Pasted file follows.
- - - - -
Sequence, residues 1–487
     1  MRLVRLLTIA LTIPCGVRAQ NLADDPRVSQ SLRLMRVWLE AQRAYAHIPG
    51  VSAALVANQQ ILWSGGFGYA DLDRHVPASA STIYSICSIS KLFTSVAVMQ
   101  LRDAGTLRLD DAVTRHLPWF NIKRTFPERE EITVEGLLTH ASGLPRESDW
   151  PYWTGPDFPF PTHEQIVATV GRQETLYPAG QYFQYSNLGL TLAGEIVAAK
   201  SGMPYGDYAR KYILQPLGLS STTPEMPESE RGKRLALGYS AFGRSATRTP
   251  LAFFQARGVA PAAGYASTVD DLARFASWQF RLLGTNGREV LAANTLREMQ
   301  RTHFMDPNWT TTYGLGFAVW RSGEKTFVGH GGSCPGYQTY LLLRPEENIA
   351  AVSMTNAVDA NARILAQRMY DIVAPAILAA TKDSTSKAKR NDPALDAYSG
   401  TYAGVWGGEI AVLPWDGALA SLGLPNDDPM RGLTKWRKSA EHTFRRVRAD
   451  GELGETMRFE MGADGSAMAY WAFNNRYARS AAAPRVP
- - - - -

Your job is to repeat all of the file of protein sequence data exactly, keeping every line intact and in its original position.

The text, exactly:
Sequence, residues 1–487
     1  MRLVRLLTIA LTIPCGVRAQ NLADDPRVSQ SLRLMRVWLE AQRAYAHIPG
    51  VSAALVANQQ ILWSGGFGYA DLDRHVPASA STIYSICSIS KLFTSVAVMQ
   101  LRDAGTLRLD DAVTRHLPWF NIKRTFPERE EITVEGLLTH ASGLPRESDW
   151  PYWTGPDFPF PTHEQIVATV GRQETLYPAG QYFQYSNLGL TLAGEIVAAK
   201  SGMPYGDYAR KYILQPLGLS STTPEMPESE RGKRLALGYS AFGRSATRTP
   251  LAFFQARGVA PAAGYASTVD DLARFASWQF RLLGTNGREV LAANTLREMQ
   301  RTHFMDPNWT TTYGLGFAVW RSGEKTFVGH GGSCPGYQTY LLLRPEENIA
   351  AVSMTNAVDA NARILAQRMY DIVAPAILAA TKDSTSKAKR NDPALDAYSG
   401  TYAGVWGGEI AVLPWDGALA SLGLPNDDPM RGLTKWRKSA EHTFRRVRAD
   451  GELGETMRFE MGADGSAMAY WAFNNRYARS AAAPRVP